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DJ Khaled Is Dropping Cheetos-Crusted Crunchwraps Across the Country

The celebrity’s ghost kitchen, Another Wing, is partnering with Man vs. Fries on this glorious monstrosity with waffle fries, chicken, and cheese

A Crunchwrap.
Khaled Crunch with Cheetos dust.
Man vs. Fries
Ashok Selvam is the editor of Eater Chicago and a native Chicagoan armed with more than two decades of award-winning journalism. Now covering the world of restaurants and food, his nut graphs are super nutty.

Bastardizations of the crunchwrap are literally everywhere right now, so it makes sense that ever-present celebrity DJ Khaled would get in on the action. The man behind delivery-only Another Wing is partnering with another ubiquitous app-specific restaurant Man vs. Fries to debut their own version of the trendy hand-held Taco Bell made famous. This one is dusted with Cheetos and stuffed with chicken, cheese, and waffle fries. It’s the type of food that brands feel stoners fetishize.

Baltimore, Chicago, Los Angeles, Miami, Nashville, Phoenix, and Portland will see the launch of the Khaled Krunch on Friday, November 11. Atlanta, Austin, Denver, Detroit, the Twin Cities, Philadelphia, San Diego, San Antonio, and Seattle will see a Friday, December 18 debut. Supply chain problems are (of course) to blame for the delay.

In Chicago, home to a strong independent restaurant community, ghost kitchens and their alliances with third-party delivery providers have been under scrutiny. This is the city with twin lawsuits ongoing versus Grubhub and DoorDash.

But Man vs. Fries’ founder Bill Bonhorst says he doesn’t want ghost kitchen haunting local restaurants. The delivery-only concept saved his Bay Area restaurants during the pandemic as he and his partner rotated pop-ups at their Cinco Taco Bars while indoor dining remained suspended. After success with California-style burritos stuffed with fries and fired Oreos, he partnered with REEF, a company that helped developed virtual restaurants for Wendy’s and David Chang (though some are now fleeing the startup), working to grow operations nationwide.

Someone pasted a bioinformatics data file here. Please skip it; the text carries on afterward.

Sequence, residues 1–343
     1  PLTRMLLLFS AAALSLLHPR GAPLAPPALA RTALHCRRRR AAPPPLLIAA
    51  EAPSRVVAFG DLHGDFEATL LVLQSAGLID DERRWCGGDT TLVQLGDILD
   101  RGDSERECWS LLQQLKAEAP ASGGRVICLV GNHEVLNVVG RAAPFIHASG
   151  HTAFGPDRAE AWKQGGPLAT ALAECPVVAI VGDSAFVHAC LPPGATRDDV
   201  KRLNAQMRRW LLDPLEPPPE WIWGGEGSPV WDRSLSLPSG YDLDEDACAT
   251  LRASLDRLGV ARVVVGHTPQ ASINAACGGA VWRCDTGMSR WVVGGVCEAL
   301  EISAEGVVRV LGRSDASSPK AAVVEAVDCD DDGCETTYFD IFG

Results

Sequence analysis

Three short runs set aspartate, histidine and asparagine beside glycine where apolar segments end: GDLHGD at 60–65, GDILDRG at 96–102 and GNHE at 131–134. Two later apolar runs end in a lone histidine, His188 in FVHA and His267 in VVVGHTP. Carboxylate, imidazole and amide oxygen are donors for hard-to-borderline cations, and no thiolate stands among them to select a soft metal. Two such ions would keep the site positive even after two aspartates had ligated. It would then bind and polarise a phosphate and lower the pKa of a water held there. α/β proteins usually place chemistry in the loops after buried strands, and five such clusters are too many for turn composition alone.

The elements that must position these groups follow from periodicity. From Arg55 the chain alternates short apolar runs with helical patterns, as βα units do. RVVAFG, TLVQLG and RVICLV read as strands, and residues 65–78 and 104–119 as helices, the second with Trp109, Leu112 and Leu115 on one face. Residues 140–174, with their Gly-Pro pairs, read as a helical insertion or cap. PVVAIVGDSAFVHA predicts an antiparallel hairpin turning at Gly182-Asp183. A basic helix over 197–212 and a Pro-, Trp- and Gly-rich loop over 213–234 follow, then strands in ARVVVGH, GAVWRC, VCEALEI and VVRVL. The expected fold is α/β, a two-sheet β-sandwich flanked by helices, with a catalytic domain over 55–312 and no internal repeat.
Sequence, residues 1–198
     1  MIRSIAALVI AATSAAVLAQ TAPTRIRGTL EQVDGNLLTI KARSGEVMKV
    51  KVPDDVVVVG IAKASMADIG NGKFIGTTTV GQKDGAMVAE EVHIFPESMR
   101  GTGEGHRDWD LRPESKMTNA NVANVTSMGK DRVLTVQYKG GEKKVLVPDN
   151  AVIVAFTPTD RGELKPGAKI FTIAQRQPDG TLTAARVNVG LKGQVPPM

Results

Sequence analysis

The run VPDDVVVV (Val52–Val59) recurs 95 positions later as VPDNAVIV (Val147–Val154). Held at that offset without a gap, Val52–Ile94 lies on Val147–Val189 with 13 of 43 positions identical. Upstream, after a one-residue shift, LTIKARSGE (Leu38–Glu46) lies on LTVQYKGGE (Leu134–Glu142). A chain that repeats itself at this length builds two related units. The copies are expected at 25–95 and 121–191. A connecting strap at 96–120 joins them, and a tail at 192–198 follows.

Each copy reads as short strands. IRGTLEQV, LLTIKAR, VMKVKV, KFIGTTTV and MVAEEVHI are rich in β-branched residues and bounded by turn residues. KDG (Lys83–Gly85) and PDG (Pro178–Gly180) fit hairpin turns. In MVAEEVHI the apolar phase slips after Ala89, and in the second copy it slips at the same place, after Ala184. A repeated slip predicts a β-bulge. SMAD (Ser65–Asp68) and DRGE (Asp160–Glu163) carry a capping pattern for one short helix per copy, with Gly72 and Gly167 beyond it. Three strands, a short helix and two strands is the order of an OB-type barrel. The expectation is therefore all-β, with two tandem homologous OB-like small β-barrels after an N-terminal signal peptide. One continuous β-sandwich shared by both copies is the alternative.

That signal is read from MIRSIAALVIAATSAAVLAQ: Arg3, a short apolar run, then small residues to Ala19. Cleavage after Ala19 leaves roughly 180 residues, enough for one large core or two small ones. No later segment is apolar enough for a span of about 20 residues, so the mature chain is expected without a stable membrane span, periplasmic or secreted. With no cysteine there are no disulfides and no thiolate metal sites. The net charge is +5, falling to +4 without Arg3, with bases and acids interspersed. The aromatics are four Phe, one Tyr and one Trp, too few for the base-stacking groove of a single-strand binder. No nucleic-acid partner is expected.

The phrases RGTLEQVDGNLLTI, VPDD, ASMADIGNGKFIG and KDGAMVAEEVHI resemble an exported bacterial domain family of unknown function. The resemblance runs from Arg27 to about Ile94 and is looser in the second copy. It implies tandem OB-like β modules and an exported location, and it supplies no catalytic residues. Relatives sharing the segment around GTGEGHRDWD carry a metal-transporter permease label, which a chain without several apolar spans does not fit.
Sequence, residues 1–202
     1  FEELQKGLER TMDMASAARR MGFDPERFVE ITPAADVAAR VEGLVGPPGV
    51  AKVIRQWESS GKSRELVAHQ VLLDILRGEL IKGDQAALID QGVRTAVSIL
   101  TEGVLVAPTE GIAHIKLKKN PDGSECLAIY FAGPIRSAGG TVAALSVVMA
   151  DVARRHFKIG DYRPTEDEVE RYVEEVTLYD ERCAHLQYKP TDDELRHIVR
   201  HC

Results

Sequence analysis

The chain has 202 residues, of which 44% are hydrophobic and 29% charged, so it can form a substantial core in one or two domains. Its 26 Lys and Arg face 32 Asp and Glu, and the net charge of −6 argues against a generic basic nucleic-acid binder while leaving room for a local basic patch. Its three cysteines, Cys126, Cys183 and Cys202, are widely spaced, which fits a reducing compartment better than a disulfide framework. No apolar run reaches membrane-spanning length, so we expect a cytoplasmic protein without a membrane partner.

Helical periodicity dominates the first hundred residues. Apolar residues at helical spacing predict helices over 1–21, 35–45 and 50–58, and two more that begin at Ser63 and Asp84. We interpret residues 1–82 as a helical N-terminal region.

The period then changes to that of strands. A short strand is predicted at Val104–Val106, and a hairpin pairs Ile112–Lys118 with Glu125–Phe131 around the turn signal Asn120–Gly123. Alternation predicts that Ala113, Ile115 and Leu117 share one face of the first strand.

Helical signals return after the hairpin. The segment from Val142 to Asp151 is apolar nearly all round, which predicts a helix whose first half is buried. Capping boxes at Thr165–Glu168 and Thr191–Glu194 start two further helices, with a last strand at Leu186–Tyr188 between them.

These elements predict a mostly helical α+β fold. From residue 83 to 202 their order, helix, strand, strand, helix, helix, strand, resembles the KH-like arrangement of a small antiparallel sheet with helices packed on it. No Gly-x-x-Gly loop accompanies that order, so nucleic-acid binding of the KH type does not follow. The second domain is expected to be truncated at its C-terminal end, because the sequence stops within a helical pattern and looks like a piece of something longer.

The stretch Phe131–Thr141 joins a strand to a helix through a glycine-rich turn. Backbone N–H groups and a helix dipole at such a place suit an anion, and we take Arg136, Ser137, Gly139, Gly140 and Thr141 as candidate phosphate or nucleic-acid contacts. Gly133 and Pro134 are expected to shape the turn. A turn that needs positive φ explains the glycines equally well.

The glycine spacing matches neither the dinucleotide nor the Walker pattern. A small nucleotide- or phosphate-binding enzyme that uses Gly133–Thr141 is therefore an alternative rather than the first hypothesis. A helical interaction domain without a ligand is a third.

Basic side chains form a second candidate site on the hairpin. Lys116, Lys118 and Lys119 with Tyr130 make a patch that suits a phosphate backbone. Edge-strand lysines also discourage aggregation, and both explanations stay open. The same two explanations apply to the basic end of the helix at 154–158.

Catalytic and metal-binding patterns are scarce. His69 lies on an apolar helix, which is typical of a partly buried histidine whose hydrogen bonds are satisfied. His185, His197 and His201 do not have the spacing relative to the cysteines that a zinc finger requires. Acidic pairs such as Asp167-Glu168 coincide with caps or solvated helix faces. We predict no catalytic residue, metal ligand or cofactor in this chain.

It took nine tries to perfect the crunchwrap. Bonhorst says Khaled cheers him on, telling him “it’s fire” if an item comes together. Bonhorst mentions how he grew up poor, and how Thursdays when his dad got his paycheck, the family would indulge in fast food. He gravitated toward fries, stuffing them in burgers. He maintains an underdog mentality with Man vs. Fries and says he hustled to secure funding: “Nobody believed in us, nobody took us seriously,” he says.

That changed when he partnered with REEF, which — in turn — connects him with the third-party delivery companies. Bonhorst serves on a consulting board with DoorDash and says he trying to rehab ghost kitchens and their reputations. He sees them as potential assets and that some businesses would benefit from hosting virtual restaurants.

“For me, I believe there needs to be more collaboration instead of competition in the restaurant industry,” Bonhorst says

Bonhorst’s food is very popular in Denver, Portland, and Seattle, places where policymakers have long relaxed cannabis laws. Bonhorst isn’t sure, but perhaps there’s a connection as loaded fries have stoner appeal.

Man vs. Fries wants to expand. Bonhorst says he’s spent the last year perfecting a vegan version of their product — they use Takis instead of Cheetos. He maintains that this isn’t a gimmick and that he isn’t following trends.

“I’ve been doing this for five years,” Bonhorst says. “This is something love personally.”